Hunt founded Hello Holiday, a boutique and e-commerce company supporting independent fashion designers. It was known for its “Girls Support Girls” messaging and fundraising collaborations with local nonprofits. She decided to run for office after she got involved in a grassroots effort to update the sex education curriculum in Omaha Public Schools in 2015.

    She won election in 2018 to Nebraska’s 49-member unicameral legislature with 64% of the vote in an Omaha district. Legislators are called senator, serve without party affiliation or caucuses and make $12,000 plus per diem annually. Senators are limited to two consecutive terms. She was reelected in 2022 by a margin of 69% to 31%. An opponent during the primary season who worked at A Latere Academy, a Christian home-school program, called herself a “Bible-believing Christian” on her campaign site.

    Hunt said she broke barriers as the first “out” LGBTQ+ state senator, as a single working parent and as an atheist. “I was really afraid that my colleagues would stereotype me or be hostile toward me because of who I am, but I was wrong. I have found every one of my colleagues amenable, willing to work with me, and I have made several close friends with colleagues who are ideologically very different from me.” (State Innovation Exchange, Jan. 28, 2021)

    She describes herself as being on the “far left” of the political spectrum and led a filibuster in April 2022 to defeat a draconian anti-abortion bill. She was among the key opponents of a bill to give full tax credit on donations to private school scholarships, citing the number of religious schools that would benefit, including schools that discriminate against LGBTQ+ youth. “It’s not appropriate for public money, tax dollars, to fund that type of bigotry and discrimination,” Hunt said. (KMTV, Jan. 12, 2022)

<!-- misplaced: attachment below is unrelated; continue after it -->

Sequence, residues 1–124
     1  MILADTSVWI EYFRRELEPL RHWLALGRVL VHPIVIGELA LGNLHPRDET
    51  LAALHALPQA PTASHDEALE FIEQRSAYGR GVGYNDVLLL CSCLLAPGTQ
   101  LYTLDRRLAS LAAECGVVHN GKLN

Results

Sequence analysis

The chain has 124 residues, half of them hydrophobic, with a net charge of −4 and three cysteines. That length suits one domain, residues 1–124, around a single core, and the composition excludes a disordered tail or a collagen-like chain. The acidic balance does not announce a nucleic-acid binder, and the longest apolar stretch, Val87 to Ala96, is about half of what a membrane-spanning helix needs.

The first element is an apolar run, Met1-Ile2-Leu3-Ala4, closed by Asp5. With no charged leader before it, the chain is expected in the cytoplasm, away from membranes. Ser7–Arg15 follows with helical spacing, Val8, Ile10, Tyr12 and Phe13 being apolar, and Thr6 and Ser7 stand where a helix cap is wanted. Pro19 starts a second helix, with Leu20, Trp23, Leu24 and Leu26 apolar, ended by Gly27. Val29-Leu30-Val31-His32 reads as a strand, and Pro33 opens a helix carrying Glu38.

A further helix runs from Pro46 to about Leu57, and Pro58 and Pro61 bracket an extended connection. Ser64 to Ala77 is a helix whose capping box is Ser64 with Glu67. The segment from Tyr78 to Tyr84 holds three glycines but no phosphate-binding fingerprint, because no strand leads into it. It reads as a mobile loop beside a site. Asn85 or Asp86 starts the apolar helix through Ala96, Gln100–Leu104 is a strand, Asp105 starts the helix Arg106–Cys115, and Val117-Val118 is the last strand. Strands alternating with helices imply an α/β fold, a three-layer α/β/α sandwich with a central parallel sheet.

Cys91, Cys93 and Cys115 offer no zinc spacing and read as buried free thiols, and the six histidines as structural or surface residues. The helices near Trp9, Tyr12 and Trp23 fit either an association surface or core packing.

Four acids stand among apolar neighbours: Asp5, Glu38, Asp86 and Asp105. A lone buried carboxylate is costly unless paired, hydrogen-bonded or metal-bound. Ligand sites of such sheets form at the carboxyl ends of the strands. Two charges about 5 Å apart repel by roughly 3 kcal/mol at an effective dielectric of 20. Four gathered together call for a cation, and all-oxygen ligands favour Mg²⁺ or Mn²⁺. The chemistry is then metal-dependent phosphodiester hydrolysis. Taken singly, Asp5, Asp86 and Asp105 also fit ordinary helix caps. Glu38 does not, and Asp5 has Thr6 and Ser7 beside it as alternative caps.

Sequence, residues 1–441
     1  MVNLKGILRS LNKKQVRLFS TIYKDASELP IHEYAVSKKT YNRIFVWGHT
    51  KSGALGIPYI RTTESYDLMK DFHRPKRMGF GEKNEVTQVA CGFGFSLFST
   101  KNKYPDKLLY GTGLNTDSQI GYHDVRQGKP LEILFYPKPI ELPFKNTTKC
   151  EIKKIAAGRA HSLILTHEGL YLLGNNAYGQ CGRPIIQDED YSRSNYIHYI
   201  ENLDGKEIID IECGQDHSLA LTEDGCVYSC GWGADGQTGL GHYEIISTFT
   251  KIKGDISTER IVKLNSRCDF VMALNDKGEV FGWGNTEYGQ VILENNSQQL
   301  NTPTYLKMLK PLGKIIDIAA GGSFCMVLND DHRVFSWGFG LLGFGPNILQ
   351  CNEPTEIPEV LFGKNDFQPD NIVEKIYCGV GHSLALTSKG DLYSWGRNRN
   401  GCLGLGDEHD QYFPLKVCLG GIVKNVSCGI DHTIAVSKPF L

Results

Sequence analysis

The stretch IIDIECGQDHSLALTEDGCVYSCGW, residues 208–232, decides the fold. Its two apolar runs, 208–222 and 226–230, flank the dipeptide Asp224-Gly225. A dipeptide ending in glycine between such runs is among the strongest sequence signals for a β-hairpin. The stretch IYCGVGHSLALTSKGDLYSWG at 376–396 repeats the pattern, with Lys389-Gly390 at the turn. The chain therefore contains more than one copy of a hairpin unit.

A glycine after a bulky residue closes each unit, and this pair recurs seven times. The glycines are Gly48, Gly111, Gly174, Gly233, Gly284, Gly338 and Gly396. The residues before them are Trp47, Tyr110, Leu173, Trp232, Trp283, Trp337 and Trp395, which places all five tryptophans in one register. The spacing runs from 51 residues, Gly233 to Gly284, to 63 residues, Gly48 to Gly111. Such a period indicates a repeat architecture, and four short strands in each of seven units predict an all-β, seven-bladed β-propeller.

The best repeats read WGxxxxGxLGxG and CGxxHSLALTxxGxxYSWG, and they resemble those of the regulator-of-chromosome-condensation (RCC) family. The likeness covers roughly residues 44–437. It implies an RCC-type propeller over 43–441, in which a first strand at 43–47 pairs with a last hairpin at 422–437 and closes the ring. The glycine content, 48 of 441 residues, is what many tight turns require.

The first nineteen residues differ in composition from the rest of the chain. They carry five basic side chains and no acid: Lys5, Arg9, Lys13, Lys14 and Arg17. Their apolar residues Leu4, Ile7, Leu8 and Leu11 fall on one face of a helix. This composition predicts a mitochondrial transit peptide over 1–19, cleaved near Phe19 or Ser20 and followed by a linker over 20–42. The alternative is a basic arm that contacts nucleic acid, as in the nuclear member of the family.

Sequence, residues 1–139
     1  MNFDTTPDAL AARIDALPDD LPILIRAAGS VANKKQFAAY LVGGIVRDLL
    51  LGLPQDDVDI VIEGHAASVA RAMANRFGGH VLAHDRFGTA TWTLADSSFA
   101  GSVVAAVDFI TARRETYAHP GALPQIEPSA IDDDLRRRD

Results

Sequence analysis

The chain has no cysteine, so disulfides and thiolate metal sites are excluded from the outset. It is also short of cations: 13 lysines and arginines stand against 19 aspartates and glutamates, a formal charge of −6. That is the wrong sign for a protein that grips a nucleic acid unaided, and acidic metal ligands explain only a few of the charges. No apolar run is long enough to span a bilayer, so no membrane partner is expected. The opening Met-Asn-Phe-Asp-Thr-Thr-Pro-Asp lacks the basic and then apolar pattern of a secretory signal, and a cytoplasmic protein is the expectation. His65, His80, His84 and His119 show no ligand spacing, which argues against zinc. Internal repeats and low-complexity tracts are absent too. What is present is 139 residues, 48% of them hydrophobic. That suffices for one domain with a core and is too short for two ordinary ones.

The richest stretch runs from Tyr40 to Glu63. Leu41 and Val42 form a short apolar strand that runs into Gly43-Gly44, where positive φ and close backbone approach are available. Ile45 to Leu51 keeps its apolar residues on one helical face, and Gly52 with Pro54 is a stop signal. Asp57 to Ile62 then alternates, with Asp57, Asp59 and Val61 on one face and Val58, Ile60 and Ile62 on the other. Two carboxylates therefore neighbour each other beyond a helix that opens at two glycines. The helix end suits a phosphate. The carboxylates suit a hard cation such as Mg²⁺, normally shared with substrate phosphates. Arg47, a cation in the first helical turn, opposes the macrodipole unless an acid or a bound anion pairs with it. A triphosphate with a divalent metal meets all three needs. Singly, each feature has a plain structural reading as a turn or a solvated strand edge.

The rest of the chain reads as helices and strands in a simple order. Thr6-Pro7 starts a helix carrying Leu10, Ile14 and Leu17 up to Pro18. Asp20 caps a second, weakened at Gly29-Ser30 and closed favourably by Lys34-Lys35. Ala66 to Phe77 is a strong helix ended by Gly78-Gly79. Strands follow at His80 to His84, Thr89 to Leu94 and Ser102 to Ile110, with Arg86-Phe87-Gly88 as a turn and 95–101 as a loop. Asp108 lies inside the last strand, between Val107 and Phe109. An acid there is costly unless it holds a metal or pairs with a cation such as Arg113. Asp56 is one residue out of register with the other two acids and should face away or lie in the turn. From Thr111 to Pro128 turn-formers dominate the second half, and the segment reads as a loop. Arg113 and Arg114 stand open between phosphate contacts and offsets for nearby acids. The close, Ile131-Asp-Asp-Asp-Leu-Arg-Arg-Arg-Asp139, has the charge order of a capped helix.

In an October 2022 OnlySky interview, she said she’s “a public servant who happens to be an atheist, not a lawmaker who wants to use her platform to promote her personal views.” She wants more emphasis on candidate recruitment and building a pipeline of people who are rational, reasonable and evidence-focused. “Representatives who can actually understand what normal people go through and who aren’t running for office just because they’re motivated by some extremist view or some conspiracy theory, because that’s what we’re seeing more and more nationwide.”

    After closing Hello Holiday in 2019, Hunt’s inner entrepreneur kicked in a year later when she, working with her son Ash, started Five Nine, a specialty shop that sells stationery, home goods and practical art built on a belief in the beauty of everyday objects.

    She was the recipient in 2022 of an FFRF Champion of the First Amendment award, which she accepted at the national convention in San Antonio. Her mentor, former Sen. Ernie Chambers, received the award in 2006. She publicly called the abortion ban a “church bill” sponsored by Christian religious extremists. “Her impassioned remarks and filibustering were credited with helping to kill the bill. Thanks to her activism, abortion is still legal in Nebraska,” FFRF said.

    “I’ve never been a person of faith, so it wasn’t a big deal for me to just be who I am.”

    — Hunt, commenting on FFRF's "Ask an Atheist" about making her nonbelief public (May 4, 2022)
    Compiled by Bill Dunn
    © Freedom From Religion Foundation. All rights reserved.

Freedom From Religion Foundation